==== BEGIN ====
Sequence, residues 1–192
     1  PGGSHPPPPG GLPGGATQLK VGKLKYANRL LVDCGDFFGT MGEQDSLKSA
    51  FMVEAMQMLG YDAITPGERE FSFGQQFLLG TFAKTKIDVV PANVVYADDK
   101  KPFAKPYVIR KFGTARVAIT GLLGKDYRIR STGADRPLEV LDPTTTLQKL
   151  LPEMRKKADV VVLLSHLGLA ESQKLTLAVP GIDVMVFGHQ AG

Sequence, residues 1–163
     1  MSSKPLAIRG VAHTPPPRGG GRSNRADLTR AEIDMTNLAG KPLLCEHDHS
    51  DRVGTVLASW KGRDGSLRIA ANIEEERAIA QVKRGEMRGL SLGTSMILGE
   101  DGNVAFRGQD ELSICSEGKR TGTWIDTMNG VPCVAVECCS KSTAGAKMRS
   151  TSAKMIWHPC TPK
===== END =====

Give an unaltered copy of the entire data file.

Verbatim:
Sequence, residues 1–192
     1  PGGSHPPPPG GLPGGATQLK VGKLKYANRL LVDCGDFFGT MGEQDSLKSA
    51  FMVEAMQMLG YDAITPGERE FSFGQQFLLG TFAKTKIDVV PANVVYADDK
   101  KPFAKPYVIR KFGTARVAIT GLLGKDYRIR STGADRPLEV LDPTTTLQKL
   151  LPEMRKKADV VVLLSHLGLA ESQKLTLAVP GIDVMVFGHQ AG

Sequence, residues 1–163
     1  MSSKPLAIRG VAHTPPPRGG GRSNRADLTR AEIDMTNLAG KPLLCEHDHS
    51  DRVGTVLASW KGRDGSLRIA ANIEEERAIA QVKRGEMRGL SLGTSMILGE
   101  DGNVAFRGQD ELSICSEGKR TGTWIDTMNG VPCVAVECCS KSTAGAKMRS
   151  TSAKMIWHPC TPK